(MoneyWatch) U.S. Treasury Secretary Tim Geithner has repeatedly said American banks are at low risk from the overseas debt crisis because they have little direct financial exposure to Europe. That means they haven't been making loans straight to European borrowers. There is no reason not to believe him.
Unfortunately, the problem here is the indirect exposure. U.S. banks have made loans to institutions that have made loans to EU nations, including Spain. They almost certainly provided loan insurance -- known as credit default swaps (CDS) -- to these institutions as well. Or they may have made these loans and CDS to institutions which made the loans and CDS to EU nations, including Spain.
If Spain defaults, two things would likely happen. First, many banks will have to account for these now worthless loans. Anyone who loaned money to those banks will want to know if their loans will be repaid. If they can't, then they will either have worthless loans of their own to deal with or, if they bought insurance, they will cash in their CDS. This will ripple out to other banks and companies just as it did when Lehman Brotners collapsed in 2008. However, this will likely be on a much, much larger scale. Economists call this collateral damage "contagion."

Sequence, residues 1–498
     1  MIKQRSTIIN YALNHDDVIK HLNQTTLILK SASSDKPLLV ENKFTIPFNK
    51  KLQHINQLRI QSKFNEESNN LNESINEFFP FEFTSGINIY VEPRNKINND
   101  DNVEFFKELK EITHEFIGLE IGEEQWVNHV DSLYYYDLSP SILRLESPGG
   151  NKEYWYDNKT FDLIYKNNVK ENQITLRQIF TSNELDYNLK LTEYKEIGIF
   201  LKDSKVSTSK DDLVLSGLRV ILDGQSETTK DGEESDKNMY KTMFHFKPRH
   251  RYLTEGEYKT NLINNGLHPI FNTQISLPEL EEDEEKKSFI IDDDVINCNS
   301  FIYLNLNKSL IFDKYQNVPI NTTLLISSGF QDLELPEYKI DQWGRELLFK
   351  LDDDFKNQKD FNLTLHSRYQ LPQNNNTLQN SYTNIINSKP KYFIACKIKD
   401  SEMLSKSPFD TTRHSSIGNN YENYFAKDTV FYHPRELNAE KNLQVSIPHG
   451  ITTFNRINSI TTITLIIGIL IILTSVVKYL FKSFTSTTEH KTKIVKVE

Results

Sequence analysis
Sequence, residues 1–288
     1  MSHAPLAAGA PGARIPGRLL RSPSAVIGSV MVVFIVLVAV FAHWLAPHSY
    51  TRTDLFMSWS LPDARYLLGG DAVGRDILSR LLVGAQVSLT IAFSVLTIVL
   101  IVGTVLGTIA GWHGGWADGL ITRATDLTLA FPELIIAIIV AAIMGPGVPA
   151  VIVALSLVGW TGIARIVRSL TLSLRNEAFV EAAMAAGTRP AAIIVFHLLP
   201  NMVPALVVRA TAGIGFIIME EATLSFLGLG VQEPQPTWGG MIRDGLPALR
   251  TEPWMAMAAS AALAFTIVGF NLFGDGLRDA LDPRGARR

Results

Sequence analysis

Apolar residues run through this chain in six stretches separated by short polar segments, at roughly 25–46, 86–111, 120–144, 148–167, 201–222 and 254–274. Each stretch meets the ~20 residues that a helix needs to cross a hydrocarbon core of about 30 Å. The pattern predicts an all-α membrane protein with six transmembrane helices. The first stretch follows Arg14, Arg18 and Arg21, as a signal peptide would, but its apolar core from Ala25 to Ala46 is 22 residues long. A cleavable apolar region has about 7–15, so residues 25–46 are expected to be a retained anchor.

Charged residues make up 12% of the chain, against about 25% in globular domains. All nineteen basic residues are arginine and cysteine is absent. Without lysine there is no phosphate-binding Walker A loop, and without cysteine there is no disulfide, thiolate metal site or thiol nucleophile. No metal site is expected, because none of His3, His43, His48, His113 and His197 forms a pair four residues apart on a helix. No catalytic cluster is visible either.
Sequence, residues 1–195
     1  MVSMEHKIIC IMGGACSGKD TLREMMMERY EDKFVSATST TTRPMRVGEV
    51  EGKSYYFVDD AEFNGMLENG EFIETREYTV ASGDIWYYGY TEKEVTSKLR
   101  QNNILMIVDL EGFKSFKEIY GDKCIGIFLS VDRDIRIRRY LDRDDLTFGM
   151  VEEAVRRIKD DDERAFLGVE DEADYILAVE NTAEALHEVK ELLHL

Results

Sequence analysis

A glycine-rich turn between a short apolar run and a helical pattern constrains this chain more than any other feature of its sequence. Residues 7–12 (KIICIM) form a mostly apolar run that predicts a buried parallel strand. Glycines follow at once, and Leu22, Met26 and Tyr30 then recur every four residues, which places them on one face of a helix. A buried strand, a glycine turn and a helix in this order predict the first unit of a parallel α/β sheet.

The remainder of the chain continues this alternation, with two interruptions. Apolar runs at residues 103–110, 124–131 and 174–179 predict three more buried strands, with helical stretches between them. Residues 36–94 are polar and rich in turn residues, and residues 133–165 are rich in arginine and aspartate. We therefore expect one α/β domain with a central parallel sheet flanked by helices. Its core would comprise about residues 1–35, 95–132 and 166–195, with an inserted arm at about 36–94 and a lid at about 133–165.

If U.S. financial institutions are in as good condition as we have been told, then they will pay out a lot of money. That will mean they have less money to lend to American businesses. It is already difficult for these businesses to get all the funds they need.
If these institutions are in worse condition than they have let on -- and it is possible some of them are -- then they would be at great risk of going out of business. (Because of the Federal Deposit Insurance Corp., most depositors would still get all of their money back if that happened.) Either case would severely damage the American economy, which would also be dealing with a large drop in demand for goods and services. We would certainly be in a recession, or possibly something worse.